The elicitation of potent and broad anti-HIV-1 neutralizing antibodies (NAbs) by immunization has been one of the major goals of HIV research since the beginning of the HIV/AIDS epidemic. So far, this goal has not been attained. The target of anti-HIV-1 NAbs is the viral envelope glycoprotein (Env) and several forms of HIV Env have been tested as immunogens over the past three decades. The lack of elicitation of antibodies with broad neutralizing activities by soluble Env immunogens is not due to the absence of relevant epitopes on such constructs. Understanding why conserved neutralization epitopes are poorly immunogenic during immunization by HIV Env constructs is the focus of this proposal. Our overall hypothesis is that the biophysical characteristics of the epitope-BCR interaction, especially the kon and koff binding rates of that interaction, dictate the downstream intracellular events that lead to either B cell-differentiation and antibody production, or to B cell-anergy. To test this hypothesis we propose a series of iterative studies that will improve our understanding of the structural and biophysical characteristics of immunogen-BCR interactions and of how these interactions influence downstream events that lead to B cell activation or anergy. Our team is composed of groups with diverse expertise that have a documented record of collaboration. Dr. Schief's group at the University of Washington is leading our immunogen-design efforts. Dr. Strong's group at the Fred Hutchinson Cancer Research Center is leading our efforts to characterize the structure of immunogens and the antibodies they elicit and their biophysical interactions. Dr. Stamatatos'group is leading our efforts to analyze the interaction of our immunogens with B cells. We are supported in our efforts by Dr. Atchison's group at the Institute for Systems Biology who will define those intracellular events that lead to optimal B cell stimulation and those that lead to B cell anergy or apoptosis, following the binding of b12 scaffolds on the BCR on B cells.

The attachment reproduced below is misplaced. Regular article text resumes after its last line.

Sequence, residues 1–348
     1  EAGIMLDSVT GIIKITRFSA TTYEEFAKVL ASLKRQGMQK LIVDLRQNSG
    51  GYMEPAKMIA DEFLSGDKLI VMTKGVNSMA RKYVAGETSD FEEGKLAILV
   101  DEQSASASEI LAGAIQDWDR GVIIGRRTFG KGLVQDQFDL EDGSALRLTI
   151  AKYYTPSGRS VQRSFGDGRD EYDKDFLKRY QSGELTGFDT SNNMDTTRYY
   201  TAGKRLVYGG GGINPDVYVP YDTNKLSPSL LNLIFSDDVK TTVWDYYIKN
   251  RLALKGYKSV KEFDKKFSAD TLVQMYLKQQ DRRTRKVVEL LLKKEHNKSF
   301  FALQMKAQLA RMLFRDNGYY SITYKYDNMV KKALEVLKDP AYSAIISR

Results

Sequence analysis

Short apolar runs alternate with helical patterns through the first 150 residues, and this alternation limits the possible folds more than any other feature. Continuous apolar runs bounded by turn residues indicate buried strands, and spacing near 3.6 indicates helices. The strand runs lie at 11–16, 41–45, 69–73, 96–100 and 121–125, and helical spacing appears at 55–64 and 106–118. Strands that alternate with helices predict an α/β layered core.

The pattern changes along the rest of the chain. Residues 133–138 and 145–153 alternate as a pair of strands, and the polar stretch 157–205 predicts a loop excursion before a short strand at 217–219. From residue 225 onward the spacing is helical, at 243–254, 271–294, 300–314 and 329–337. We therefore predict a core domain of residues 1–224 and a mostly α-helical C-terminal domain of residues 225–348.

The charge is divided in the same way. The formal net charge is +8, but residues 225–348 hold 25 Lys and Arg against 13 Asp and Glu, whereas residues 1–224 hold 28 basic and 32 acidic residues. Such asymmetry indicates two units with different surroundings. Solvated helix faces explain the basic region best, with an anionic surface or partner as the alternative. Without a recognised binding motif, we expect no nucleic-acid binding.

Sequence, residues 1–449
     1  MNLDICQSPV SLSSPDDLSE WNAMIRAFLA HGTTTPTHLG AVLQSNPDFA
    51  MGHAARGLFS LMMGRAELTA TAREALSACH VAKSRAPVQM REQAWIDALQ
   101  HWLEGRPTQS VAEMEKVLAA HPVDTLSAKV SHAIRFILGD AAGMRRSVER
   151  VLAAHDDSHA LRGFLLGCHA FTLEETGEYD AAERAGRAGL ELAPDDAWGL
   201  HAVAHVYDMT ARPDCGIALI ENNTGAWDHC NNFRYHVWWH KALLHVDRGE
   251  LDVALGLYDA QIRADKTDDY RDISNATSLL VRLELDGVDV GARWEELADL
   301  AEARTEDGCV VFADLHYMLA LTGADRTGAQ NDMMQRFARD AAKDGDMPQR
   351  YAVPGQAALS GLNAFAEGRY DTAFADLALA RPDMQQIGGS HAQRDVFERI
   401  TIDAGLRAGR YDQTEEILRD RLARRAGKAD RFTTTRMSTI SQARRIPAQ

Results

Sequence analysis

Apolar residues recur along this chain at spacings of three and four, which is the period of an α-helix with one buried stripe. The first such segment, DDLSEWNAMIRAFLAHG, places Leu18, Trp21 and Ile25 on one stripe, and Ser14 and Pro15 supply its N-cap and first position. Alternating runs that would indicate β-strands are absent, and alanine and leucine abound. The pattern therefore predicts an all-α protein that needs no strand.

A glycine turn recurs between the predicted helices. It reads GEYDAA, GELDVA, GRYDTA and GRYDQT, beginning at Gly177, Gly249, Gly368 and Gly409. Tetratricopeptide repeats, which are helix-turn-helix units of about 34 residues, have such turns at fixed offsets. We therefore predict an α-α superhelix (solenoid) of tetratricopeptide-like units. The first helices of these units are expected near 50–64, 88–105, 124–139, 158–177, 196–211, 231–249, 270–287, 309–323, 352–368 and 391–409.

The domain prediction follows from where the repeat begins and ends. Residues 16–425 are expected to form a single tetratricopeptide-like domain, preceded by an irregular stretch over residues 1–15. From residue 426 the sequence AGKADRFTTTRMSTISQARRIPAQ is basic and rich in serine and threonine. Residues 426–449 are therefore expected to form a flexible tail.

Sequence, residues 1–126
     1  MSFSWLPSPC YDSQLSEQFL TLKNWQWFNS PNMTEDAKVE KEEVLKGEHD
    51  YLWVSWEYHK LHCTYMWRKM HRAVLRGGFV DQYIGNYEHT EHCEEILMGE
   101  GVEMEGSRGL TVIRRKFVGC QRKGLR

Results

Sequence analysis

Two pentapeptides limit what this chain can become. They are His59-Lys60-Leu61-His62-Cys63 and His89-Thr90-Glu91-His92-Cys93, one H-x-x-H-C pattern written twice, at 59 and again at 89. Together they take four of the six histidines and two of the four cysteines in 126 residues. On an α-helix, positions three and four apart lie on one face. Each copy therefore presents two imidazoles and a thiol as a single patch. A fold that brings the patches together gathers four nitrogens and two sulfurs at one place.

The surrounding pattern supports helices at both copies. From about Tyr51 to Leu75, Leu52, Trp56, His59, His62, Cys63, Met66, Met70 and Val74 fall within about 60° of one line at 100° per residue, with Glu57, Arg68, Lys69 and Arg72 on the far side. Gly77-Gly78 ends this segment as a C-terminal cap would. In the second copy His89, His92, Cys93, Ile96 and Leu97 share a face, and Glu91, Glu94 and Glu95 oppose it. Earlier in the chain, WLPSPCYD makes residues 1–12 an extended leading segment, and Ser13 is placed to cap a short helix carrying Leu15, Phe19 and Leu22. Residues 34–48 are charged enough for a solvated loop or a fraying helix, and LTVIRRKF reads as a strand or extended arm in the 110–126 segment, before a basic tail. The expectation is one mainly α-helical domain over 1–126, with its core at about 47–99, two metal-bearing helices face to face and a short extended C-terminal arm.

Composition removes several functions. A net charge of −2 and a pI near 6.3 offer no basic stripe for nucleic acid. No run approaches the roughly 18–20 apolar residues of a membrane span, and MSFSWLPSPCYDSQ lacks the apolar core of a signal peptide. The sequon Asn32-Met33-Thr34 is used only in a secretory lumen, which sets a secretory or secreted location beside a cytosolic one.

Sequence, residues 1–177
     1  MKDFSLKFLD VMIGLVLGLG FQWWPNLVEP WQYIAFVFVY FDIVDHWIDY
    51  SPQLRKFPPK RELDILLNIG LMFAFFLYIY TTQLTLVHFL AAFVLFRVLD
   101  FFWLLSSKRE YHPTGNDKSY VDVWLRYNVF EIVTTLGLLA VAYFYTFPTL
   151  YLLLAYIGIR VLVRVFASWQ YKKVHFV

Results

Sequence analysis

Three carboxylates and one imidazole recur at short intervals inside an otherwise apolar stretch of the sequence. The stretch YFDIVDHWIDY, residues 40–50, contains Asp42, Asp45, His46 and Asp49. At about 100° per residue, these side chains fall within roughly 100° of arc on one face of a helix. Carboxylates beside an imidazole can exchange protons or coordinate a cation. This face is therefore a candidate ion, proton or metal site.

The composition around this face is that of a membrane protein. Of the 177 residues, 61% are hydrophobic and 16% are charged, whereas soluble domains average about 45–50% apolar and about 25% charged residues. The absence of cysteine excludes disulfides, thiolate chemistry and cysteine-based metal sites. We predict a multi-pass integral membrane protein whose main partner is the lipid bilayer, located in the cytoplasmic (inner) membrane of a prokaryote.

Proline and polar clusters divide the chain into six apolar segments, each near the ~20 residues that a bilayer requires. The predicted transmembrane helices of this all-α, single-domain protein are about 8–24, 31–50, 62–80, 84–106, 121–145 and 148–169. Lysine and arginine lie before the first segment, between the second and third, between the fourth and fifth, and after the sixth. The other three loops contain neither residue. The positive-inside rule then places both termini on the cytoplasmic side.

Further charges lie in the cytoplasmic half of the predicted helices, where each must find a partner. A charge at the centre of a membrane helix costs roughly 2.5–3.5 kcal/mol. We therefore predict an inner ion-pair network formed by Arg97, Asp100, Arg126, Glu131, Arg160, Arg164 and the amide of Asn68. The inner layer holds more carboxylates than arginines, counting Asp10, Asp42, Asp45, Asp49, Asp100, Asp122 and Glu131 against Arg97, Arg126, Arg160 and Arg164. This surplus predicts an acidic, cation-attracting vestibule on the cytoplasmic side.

Our Project focuses on the design of immunogens that would elicit broadly neutralizing antibodies against HIV and in indentifying those intracellular signaling pathways that are required for the production for such antibodies. As such, our studies are highly relevant to the development of an effective vaccine against HIV. PROJECT 1: Title: - Computational design of novel antigens targeting mature and germline b12 Project Leader: SCHIEF, W PROJECT 1 DESCRIPTION (provided by applicant): Here we focus on immunogen design to elicit b12-like antibodies against the conserved cd4 binding site (cd4bs) of HIV Envelope. Many different engineered variants of HIV Envelope have failed to elicit such antibodies, but here we develop two novel types of b12 antigen that have not previously been tested - non- HIV protein scaffolds onto which the b12 epitope has been transplanted, and minimized, stabilized variants of core gp120. Further, we employ a combination of computational protein design and yeast display directed evolution that has not been employed for b12 antigen design previously. We will test the following hypotheses: (i) to induce b12-like antibodies rather than non- or narrowly-neutralizing antibodies against the cd4bs, it will be necessary to design antigens that bind b12 but not other cd4bs antibodies (ii) to optimally stimulate b12 B-cells and elicit b12-like antibodies will require antigens that stabilize the structure of the b12 epitope and optimize the affinity and kinetics of the antigen-b12 interaction (iii) to stimulate naive B cells to develop into those producing the mature broadly-neutralizing form of b12, antigens that bind both germline b12 and mature b12 will be required;(iv) to maximally stimulate b12 B cells by crosslinking B cell receptors, it will be necessary to multimerize b12-antigens on particles in an oriented fashion with the epitope facing outward. Our (Project 1) design efforts will be informed by structural and biophysical analysis of b12 antigens and their interactions with b12 and with mouse MAbs elicited by designed antigens (Project 2), by analysis of b12 antigen stimulation of B cells in vitro and in vivo (Project 3), and by binding specificity and neutralization analysis of rabbit sera elicited by selected b12 antigens (Core B).
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|Finton, Kathryn A K; Larimore, Kevin; Larman, H Benjamin et al. (2013) Autoreactivity and exceptional CDR plasticity (but not unusual polyspecificity) hinder elicitation of the anti-HIV antibody 4E10. PLoS Pathog 9:e1003639|